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Bird flu prevention zone across Great Britain

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Due to an increase in detected bird flu cases among wild birds and on commercial premises, there is now a legal requirement for all bird keepers in Great Britain to follow strict biosecurity measures to help protect their flocks.

Keepers with more than 500 birds will need to restrict access for non-essential people on their sites. Workers will need to change clothing and footwear before entering bird enclosures, and site vehicles will need to be cleaned and disinfected regularly to limit the risk of spreading the disease.

Backyard owners with small numbers of poultry including chickens, ducks and geese must also take steps to limit the risk of the disease spreading to their animals.

The Chief Veterinary Officers from England, Scotland and Wales declared an Avian Influenza Prevention Zone (AIPZ) across Great Britain, which came into force on Monday 17 October, making it a requirement for keepers of birds to mitigate the risk of the disease spreading amongst poultry and captive birds.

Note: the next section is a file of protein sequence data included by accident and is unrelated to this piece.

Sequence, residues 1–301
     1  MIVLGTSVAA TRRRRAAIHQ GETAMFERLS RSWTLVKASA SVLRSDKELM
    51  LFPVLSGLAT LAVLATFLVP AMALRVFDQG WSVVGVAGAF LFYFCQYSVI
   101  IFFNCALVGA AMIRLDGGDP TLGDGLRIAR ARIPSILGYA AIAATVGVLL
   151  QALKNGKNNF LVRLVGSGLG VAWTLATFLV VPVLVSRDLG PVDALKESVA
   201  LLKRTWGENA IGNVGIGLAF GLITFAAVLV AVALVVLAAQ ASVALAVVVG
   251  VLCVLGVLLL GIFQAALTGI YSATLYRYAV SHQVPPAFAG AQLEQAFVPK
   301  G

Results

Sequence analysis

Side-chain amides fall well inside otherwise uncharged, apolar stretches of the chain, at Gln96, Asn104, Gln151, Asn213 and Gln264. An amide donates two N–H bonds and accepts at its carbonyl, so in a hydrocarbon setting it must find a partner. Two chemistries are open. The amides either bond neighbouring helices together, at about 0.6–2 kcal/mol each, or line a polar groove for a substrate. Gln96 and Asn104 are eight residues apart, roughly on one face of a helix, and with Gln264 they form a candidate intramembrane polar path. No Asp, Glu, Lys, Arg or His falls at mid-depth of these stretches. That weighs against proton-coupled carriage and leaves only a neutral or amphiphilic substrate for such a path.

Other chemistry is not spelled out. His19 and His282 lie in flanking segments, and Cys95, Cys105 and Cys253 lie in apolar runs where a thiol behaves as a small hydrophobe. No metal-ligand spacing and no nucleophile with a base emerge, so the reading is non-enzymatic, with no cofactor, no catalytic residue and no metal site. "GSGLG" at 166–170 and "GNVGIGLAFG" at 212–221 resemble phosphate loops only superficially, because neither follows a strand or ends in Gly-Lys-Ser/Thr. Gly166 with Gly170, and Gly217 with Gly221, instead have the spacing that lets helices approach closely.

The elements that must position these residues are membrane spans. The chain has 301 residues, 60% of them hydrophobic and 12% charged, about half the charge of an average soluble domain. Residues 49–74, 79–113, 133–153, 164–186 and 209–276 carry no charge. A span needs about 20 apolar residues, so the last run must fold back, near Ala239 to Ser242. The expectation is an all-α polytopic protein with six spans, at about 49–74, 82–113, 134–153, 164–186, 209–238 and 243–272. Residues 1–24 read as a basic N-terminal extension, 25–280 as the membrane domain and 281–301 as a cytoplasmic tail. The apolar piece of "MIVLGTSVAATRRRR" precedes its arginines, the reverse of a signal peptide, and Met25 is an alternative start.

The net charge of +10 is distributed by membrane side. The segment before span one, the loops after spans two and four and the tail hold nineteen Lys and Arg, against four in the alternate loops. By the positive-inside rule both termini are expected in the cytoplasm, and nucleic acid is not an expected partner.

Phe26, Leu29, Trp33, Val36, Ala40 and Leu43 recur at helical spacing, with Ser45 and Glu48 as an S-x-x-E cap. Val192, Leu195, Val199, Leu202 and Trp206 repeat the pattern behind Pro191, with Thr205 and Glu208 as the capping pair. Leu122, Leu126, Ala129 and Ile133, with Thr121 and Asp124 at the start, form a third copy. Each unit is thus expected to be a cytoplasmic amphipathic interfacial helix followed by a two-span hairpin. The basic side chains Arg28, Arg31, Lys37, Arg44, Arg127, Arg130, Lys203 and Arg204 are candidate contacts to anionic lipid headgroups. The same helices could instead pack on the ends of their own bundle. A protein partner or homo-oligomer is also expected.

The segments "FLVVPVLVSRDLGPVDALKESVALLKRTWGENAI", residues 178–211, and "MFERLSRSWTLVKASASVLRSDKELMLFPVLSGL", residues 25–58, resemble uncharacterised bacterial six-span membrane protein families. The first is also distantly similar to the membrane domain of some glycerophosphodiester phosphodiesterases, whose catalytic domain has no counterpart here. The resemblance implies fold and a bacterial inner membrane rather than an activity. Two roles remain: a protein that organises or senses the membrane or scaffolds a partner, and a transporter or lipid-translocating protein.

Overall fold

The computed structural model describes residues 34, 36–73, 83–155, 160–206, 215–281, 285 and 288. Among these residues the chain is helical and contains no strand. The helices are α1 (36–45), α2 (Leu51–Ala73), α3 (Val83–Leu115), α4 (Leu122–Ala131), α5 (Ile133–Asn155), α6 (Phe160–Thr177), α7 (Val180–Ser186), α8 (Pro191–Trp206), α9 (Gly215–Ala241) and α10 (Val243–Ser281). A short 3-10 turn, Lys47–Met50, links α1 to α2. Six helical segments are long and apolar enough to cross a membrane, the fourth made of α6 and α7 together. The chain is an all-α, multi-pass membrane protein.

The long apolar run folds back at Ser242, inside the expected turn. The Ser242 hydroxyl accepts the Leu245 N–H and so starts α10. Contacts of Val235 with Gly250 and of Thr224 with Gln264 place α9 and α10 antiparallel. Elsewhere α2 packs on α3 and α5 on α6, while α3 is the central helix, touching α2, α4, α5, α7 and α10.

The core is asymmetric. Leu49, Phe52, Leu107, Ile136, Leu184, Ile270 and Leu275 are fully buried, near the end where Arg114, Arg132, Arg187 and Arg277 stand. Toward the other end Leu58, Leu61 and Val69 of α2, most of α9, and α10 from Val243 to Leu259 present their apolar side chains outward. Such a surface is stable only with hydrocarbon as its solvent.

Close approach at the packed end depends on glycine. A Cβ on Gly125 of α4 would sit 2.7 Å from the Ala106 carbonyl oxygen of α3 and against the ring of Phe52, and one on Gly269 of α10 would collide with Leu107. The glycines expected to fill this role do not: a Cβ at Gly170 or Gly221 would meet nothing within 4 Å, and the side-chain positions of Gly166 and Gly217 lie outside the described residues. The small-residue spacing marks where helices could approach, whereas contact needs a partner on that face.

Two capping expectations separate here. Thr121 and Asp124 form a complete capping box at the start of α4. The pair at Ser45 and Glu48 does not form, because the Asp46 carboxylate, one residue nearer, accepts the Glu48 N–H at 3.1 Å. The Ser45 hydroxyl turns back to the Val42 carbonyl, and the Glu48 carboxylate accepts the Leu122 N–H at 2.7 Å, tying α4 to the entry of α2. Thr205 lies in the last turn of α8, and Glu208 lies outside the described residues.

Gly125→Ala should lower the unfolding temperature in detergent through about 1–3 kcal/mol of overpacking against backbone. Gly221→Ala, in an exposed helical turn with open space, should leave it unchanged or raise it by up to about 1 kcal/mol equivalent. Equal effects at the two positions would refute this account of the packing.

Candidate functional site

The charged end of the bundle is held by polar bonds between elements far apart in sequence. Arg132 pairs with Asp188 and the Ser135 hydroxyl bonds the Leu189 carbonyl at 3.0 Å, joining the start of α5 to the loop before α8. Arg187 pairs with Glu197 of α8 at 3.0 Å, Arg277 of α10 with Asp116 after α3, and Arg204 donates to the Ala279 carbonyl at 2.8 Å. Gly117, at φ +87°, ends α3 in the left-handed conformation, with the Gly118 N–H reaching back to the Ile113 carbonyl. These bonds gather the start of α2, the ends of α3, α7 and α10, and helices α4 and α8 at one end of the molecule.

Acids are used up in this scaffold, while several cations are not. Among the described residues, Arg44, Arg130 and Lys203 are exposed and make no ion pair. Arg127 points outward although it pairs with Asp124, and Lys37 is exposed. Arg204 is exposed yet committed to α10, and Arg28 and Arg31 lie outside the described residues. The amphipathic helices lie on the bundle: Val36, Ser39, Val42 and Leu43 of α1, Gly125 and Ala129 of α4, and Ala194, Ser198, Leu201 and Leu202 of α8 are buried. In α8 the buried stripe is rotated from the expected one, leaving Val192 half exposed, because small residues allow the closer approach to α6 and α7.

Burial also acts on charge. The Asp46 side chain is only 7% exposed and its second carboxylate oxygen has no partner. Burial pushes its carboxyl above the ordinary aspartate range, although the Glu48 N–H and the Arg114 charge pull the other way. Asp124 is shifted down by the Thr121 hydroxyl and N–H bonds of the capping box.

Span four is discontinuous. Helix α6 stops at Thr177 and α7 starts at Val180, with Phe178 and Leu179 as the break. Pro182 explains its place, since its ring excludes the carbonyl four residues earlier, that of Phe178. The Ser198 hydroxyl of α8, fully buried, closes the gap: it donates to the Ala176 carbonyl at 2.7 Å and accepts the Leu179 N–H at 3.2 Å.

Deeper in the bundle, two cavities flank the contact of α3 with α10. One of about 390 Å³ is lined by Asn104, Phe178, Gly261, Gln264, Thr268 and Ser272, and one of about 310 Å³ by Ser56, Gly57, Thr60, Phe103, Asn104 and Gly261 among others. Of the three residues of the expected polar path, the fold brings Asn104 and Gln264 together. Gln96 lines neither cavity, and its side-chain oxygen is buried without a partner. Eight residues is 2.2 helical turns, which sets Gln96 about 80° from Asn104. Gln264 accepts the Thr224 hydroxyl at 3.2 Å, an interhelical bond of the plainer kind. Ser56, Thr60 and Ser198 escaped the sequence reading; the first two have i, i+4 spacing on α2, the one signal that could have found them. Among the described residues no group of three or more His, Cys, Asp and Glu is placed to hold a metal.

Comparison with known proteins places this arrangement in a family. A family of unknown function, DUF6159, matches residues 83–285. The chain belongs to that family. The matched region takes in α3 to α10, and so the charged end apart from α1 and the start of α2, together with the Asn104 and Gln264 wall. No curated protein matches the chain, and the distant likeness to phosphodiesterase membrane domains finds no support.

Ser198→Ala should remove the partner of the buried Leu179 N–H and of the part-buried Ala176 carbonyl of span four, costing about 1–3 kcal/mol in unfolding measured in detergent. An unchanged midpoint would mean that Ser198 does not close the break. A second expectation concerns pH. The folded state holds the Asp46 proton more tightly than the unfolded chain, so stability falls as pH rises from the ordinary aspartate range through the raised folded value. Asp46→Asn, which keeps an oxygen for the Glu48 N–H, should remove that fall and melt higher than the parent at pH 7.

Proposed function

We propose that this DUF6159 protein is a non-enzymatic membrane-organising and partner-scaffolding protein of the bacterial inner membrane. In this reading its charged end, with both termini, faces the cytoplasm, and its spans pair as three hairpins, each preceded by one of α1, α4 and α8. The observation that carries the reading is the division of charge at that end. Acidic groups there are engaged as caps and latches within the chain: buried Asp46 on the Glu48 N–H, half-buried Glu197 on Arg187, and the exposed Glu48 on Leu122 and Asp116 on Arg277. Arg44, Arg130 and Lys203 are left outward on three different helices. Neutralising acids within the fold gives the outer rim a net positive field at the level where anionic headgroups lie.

They said:

“The introduction of an AIPZ means regardless of whether you keep a few birds or thousands, you are legally required to meet enhanced biosecurity requirements to protect your birds from this highly infectious disease.”

The UK Health Security Agency say that the risk to public health from the virus is very low, and the Food Standards Agency advises that avian influenzas pose a very low food safety risk for consumers.

“Properly cooked poultry and poultry products, including eggs, are safe to eat,” they say.

The public are advised not to touch or pick up any dead or visibly sick birds they find.

For wild birds, you should call the Defra helpline on 03459 33 55 77 if you find:

  • one or more dead bird of prey or owl
  • 3 or more dead gulls or wild waterfowl (swans, geese and ducks)
  • 5 or more dead birds of any species